Sarawakian paints Iban motifs on plates to preserve heritage


Kalum is one the few Sarawakians who make ceramic plates which are hand-painted with traditional Iban motifs. Photos: Roslan Razali

Helena David Kalum is proud of her Iban heritage, well aware of the importance of preserving it for future generations.

For the past five years, she has been creating and selling ceramic beads and accessories featuring traditional Sarawakian designs.

And since April, the Kuching-based entrepreneur has diversified her business by making ceramic plates hand-painted with traditional Iban motifs, one of the few Sarawakians to do so.

“I am a big fan of antique, hand-painted tableware from Europe and China. As an Iban, I have always been interested in learning about heirloom hand- moulded Sarawak pottery with traditional designs.

“I was inspired to paint Iban motifs on ceramic plates during the first movement control order. During the stay-home period, I spent my time perfecting the craft, specifically choosing suitable Iban designs that would look nice on plates,” said Kalum, 47, during an email interview.

Kalum's plates are decorated with traditional Iban kelingai designs. Kalum's plates are decorated with traditional Iban kelingai designs.

Kalum learnt to make ceramic beads at several courses organised by the state government, Malaysia Handicraft (Sarawak branch) and Sirim. Armed with the knowledge and expertise in ceramic craft, it wasn’t difficult for the mother of one to venture into making ceramic plates.

Kalum paints Iban tribal motifs that revolve around variations of the kelingai (traditional art) designs. Historically, the Iban community derives their wooden carvings or tattoo designs from plants and animals, which denote their spiritual prowess.

The motifs include bunga terung (eggplant), teku engkeliat (gambir leaves) and buah kelembak pecah lapan (garcinia cambogia fruit).

Kalum manipulates each kelingai design with different curves to create motifs representing marine life, venomous creatures, flora or fauna. She paints the rim of each plate with pua kumbu designs, simpai (armlets) patterns and tengulun (hand) tattoo motifs.

Kalum air-dries her hand-painted plates overnight before they undergo a 30-minute fire glazing process to protect and enhance the underlying design. Kalum air-dries her hand-painted plates overnight before they undergo a 30-minute fire glazing process to protect and enhance the underlying design.

As each motif is unique, Kalum finds it hard to pinpoint her favourite one.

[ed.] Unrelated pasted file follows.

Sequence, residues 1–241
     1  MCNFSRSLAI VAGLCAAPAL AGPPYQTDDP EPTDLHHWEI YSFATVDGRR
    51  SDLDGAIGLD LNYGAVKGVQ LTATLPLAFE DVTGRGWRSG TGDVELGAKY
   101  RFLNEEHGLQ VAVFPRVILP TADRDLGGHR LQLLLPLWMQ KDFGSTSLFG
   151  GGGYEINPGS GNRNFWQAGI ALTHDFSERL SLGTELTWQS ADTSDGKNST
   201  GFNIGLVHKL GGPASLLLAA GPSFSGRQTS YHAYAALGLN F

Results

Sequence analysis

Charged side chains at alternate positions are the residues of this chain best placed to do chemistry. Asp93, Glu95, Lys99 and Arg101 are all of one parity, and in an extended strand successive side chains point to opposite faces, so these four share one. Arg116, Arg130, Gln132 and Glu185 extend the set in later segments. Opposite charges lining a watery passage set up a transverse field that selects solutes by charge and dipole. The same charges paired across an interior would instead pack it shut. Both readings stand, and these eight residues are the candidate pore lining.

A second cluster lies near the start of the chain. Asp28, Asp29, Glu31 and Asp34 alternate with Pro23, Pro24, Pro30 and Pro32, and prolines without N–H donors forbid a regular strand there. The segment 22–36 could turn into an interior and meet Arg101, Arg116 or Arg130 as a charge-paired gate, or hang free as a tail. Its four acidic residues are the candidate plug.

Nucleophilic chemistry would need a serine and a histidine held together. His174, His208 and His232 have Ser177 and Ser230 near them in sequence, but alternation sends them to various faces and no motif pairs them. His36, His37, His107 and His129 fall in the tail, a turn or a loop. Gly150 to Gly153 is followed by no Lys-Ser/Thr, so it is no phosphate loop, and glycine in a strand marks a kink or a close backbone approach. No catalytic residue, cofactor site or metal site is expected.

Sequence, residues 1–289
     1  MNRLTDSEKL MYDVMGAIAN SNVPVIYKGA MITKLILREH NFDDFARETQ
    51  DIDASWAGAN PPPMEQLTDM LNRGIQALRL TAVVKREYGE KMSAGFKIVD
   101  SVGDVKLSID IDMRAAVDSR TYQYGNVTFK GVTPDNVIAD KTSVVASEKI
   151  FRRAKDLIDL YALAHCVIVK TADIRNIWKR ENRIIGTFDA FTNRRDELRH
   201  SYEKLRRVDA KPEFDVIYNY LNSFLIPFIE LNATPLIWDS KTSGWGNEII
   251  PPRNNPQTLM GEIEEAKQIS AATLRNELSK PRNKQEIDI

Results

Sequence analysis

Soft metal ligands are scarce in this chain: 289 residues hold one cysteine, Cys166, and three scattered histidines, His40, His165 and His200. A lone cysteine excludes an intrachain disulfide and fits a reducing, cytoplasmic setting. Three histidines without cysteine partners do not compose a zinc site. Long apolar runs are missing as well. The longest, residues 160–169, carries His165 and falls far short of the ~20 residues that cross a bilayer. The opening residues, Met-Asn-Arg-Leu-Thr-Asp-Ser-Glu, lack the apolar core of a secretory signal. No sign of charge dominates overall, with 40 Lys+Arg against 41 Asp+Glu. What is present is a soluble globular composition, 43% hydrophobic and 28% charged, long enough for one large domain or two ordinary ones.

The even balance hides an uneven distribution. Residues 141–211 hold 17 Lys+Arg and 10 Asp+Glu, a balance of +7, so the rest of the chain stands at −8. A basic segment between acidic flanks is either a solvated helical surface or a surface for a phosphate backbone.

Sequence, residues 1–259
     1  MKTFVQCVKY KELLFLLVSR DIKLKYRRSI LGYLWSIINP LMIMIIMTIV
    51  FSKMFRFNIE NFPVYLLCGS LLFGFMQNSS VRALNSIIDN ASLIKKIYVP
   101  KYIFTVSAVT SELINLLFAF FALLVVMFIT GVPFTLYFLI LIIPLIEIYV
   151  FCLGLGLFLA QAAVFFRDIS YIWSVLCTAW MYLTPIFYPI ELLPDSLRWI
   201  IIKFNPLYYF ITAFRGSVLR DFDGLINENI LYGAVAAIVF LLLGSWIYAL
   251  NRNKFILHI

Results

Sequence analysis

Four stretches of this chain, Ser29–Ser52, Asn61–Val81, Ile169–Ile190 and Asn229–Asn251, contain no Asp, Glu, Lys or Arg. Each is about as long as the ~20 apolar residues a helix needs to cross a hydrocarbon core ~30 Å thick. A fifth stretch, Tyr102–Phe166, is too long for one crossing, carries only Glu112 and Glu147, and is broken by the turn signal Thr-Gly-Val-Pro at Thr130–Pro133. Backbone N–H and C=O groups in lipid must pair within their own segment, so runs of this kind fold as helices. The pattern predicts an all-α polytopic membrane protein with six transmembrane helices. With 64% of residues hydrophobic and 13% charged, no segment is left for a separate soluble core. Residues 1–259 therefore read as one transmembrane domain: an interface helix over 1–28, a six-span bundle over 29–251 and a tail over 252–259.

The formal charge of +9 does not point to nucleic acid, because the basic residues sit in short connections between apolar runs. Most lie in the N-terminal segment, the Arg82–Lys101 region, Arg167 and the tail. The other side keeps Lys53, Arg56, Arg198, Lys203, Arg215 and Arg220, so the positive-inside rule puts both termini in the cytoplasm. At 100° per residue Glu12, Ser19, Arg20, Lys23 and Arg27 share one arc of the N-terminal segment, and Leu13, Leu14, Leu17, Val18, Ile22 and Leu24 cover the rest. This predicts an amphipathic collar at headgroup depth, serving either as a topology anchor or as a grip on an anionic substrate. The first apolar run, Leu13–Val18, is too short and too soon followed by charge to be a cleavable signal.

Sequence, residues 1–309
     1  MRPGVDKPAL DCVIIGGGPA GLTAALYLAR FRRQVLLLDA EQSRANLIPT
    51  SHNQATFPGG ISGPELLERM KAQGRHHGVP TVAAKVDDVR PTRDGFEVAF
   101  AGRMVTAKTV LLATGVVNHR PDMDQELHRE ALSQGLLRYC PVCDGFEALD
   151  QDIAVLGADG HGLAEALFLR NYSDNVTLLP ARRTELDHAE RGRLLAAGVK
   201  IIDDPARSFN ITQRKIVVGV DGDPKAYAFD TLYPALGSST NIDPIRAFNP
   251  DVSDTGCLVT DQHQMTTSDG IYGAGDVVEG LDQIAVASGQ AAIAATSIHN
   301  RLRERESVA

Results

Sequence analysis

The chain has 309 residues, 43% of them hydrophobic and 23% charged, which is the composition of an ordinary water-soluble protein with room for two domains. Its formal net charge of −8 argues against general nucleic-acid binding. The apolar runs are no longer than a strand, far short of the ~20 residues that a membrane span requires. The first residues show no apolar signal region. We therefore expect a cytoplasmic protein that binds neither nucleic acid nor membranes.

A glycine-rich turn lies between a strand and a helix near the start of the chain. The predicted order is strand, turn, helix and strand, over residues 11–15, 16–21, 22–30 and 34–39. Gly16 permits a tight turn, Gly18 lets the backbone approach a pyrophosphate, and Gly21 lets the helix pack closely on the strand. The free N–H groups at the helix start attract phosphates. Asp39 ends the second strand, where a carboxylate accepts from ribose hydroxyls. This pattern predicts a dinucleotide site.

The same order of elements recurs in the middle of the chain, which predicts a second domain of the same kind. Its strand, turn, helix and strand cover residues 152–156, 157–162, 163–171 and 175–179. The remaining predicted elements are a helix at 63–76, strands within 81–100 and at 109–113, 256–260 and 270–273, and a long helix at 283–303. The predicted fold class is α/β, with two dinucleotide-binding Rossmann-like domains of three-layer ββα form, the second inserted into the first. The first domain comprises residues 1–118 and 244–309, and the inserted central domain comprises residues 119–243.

“Each design is special and has its own beauty. It’s my wish to highlight more designs to ensure they can be documented for future generations. I also want to promote and market Sarawak’s unique heritage to a wider audience,” she said.

Kalum works with Integrated Digital Entrepreneur Association of Sarawak (Ideas) president Roslan Razali to mix and match the colours of the Iban motifs on plates to make them more attractive.

Together with two workers, she operates her business at the Industrial Development Ministry’s incubator and training centre in Demak Laut, a 30-minute drive from Sarawak’s state capital. At the centre, she undergoes training on how to secure a bigger market, whether domestically or globally.

Due to the pandemic and movement restrictions, she has changed her marketing strategy and turned to social media platforms like Facebook and Instagram to further promote her handmade products.

“Social media is a great way to promote not only my handmade plates but also Sarawak as a popular tourist destination. Many netizens are fascinated with my plates, which feature traditional designs.

“The bunga terung design is one of the most sought-after ones because it’s synonymous with the Iban community,” explained Kalum, adding that she has customers from as far as Britain, Australia and China.

Each plate measures between 20cm and 28cm in diameter. The intricate patterns, ranging from geometrical, circular to triangular, are designed using acrylic enamel paint.

“It takes between one and three days to paint a plate, depending on the design. While it is a time-consuming task, there’s a sense of calm whenever I paint each plate,” Kalum shared.

The painted plates are then air-dried overnight before undergoing a 30-minute fire glazing process to protect and enhance the design. The last step consists of firing them in a kiln for 48 hours.

Despite the tedious process, Kalum remains steadfast in her mission to preserve her roots.

“I’m proud of my Iban culture and heritage. It is essential to pass it down to the next generation,” she said.

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